This opera stirs powerful emotions in me, and I would like to convey this noble feeling to the audience.
- Place: Biscay and Aragon (Spain)
- Time: Fifteenth century.
Scene 1: The guard room in the castle of Luna (The
Palace of Aljaferia, Zaragoza, Spain)
Ferrando, the captain of the guards, orders his men to
keep watch while Count di Luna wanders restlessly beneath the windows of
Leonora, lady-in-waiting to the Princess. Di Luna loves Leonora, and is jealous
of his successful rival, the troubadour Manrico. In order to keep the guards
awake, Ferrando narrates the history of the count to the guard. (Aria: Di due
figli vivea padre beato / "The good Count di Luna lived happily, the father
of two sons"). Many years ago a gypsy was wrongfully accused of having bewitched
the youngest of the di Luna children; the child had fallen sick and for this the
gypsy had been burnt alive as a witch over her protests of innocence. Dying, she
had commanded her daughter Azucena to avenge her, which she did by abducting the
baby. Although the burnt bones of a child were found in the ashes of the pyre,
the father refused to believe in his son`s death; dying, he commanded his
firstborn, the new Count di Luna, to seek Azucena.
Scene 2: Garden in the palace of the
Leonora confesses her love for Manrico to her confidante,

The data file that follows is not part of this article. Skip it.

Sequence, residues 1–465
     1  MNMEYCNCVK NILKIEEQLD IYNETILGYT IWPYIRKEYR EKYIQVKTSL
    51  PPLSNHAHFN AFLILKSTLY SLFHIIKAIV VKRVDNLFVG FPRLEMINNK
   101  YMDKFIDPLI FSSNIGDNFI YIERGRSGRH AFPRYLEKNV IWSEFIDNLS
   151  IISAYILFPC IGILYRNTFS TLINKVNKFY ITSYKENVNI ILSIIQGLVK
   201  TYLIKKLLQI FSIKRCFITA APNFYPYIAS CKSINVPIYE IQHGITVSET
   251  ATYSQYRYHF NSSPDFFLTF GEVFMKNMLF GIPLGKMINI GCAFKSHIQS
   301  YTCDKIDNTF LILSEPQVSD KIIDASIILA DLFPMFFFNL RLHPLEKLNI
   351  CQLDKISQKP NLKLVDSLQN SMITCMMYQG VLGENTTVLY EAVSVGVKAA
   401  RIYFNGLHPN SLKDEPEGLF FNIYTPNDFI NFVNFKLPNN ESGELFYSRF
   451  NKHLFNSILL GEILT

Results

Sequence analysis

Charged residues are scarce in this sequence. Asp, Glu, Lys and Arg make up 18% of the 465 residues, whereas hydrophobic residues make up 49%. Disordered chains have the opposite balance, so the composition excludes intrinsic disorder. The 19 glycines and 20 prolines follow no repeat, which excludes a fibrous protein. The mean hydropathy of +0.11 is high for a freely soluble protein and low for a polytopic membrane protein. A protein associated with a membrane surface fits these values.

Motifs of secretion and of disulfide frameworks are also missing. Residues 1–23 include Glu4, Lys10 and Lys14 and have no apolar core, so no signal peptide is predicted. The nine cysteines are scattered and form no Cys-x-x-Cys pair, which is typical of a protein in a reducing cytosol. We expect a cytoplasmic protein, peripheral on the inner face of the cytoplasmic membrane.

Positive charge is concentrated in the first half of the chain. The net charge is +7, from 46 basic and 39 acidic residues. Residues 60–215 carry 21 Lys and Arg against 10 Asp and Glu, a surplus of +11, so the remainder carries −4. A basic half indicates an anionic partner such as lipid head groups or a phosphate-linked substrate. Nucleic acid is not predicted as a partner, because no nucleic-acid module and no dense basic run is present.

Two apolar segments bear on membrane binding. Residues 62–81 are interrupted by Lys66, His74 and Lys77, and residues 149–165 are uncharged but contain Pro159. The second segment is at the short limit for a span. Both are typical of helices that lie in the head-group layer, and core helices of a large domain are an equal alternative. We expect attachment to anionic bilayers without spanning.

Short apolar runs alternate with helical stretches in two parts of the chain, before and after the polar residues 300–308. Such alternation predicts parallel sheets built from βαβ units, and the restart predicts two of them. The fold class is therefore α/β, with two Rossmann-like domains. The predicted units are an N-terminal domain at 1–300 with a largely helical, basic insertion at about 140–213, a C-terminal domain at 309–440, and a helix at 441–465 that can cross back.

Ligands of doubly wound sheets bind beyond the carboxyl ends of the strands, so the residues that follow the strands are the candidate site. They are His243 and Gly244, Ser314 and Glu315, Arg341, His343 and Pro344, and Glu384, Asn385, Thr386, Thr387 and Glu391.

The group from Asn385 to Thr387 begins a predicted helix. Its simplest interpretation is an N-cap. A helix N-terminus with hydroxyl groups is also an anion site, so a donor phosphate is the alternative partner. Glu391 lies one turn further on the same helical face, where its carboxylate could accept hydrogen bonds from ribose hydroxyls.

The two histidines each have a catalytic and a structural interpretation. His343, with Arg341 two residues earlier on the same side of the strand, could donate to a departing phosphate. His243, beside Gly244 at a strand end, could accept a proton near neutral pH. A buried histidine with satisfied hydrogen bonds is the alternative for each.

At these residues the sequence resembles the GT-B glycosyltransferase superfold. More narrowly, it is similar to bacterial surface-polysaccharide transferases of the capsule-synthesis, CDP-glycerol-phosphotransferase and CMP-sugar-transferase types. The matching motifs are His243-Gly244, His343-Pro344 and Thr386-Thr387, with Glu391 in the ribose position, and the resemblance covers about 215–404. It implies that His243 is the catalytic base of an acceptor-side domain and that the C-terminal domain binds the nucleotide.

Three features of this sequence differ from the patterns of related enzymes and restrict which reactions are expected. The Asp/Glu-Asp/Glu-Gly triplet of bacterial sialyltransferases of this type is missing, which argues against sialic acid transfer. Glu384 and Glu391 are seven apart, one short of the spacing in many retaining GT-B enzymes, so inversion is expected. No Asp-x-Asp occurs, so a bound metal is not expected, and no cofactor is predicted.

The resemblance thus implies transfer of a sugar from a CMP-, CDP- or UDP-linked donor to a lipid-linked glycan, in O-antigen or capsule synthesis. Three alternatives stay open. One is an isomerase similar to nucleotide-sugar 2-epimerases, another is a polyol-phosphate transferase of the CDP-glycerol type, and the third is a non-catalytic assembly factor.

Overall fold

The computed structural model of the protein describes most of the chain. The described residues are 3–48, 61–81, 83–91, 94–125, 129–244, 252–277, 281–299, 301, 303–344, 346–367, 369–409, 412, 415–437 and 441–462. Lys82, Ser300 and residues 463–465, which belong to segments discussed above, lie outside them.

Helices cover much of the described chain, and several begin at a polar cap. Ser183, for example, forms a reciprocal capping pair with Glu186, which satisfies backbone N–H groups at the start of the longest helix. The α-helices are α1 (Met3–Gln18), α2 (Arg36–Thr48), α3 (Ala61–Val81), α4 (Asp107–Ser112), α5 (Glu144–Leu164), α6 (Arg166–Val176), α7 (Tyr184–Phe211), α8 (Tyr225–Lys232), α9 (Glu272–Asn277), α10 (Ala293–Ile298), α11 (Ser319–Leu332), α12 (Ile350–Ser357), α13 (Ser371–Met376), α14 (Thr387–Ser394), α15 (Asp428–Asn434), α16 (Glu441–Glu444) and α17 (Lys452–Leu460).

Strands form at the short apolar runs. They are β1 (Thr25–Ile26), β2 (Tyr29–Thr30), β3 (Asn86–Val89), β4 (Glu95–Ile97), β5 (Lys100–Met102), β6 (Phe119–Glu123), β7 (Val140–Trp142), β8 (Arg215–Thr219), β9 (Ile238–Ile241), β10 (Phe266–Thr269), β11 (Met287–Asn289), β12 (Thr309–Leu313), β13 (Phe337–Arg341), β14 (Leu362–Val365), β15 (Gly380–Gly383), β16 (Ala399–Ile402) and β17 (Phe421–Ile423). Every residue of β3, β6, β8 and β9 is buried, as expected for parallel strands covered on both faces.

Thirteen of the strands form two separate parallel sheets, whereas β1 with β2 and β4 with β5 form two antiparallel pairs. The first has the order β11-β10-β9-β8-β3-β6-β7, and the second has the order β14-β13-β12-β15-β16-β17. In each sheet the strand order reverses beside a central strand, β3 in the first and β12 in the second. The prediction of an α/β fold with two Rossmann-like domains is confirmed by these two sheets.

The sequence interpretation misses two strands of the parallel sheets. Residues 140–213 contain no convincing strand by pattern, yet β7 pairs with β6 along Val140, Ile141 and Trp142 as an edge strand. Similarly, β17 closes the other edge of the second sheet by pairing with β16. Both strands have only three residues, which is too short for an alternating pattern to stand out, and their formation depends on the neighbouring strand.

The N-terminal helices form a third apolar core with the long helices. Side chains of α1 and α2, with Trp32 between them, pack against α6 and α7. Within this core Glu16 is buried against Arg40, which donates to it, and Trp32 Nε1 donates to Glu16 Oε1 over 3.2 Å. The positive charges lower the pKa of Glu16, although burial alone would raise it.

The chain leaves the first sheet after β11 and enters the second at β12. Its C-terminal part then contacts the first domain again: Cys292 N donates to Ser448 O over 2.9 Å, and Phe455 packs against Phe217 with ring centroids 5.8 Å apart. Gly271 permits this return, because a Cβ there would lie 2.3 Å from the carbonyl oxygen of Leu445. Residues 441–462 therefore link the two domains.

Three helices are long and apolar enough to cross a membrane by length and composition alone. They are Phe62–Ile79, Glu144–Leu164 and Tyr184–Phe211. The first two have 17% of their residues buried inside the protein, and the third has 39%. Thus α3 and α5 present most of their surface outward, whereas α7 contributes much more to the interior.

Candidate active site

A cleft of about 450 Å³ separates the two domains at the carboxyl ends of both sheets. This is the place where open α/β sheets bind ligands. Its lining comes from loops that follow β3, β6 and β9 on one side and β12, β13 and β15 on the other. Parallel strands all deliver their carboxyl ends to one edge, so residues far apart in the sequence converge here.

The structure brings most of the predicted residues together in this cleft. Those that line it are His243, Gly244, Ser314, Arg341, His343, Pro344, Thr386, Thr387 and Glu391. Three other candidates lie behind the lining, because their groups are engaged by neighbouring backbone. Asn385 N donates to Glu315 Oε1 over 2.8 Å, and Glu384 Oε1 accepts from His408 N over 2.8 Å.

Ines. (Tacea la notte placida / "The peaceful night lay silent"... Di
tale amor / "A love that words can scarcely describe"). When they have gone,
Count di Luna hears the voice of his rival, Manrico, in the distance:
(Deserto sulla terra / "Alone upon this earth"). While Leonora in the
darkness mistakes the count for her lover, Manrico himself enters the garden,
and she rushes to his arms. The count recognises Manrico as his enemy, who has
been condemned to death due to his political affiliations and challenges him to
a duel over their common love. Leonora tries to intervene, but cannot stop them
from fighting (Trio: Di geloso amor sprezzato / "The fire of jealous
Act 2: The Gypsy Woman
Scene 1: The gypsies` camp
The gypsies sing the Anvil Chorus: Vedi le
fosche notturne / "See! The endless sky casts off her sombre nightly
garb.."). Azucena, the daughter of the Gypsy burnt by the count, is still
haunted by her duty to avenge her mother. (Aria: Stride la vampa / "The
flames are roaring!"). The Gypsies break camp while Azucena confesses to Manrico
that after stealing the di Luna baby she had intended to burn the count`s little
son along with her mother, but overwhelmed by the screams and the gruesome scene
of her mother`s execution, she became confused and threw her own child into the
flames instead (Aria: Condotta ell`era in ceppi / "They dragged her in
bonds"). Manrico realises that he is not the son of Azucena, but loves her as if
she were indeed his mother, as she has always been faithful and loving to him.
Manrico tells Azucena that he defeated Di Luna in their duel, but was held back
from killing him by a mysterious power (Duet: Mal reggendo / "He was
helpless under my savage attack"). A messenger arrives and reports that Leonora,
who believes Manrico dead, is about to enter a convent and take the veil that
night. Although Azucena tries to prevent him from leaving in his weak state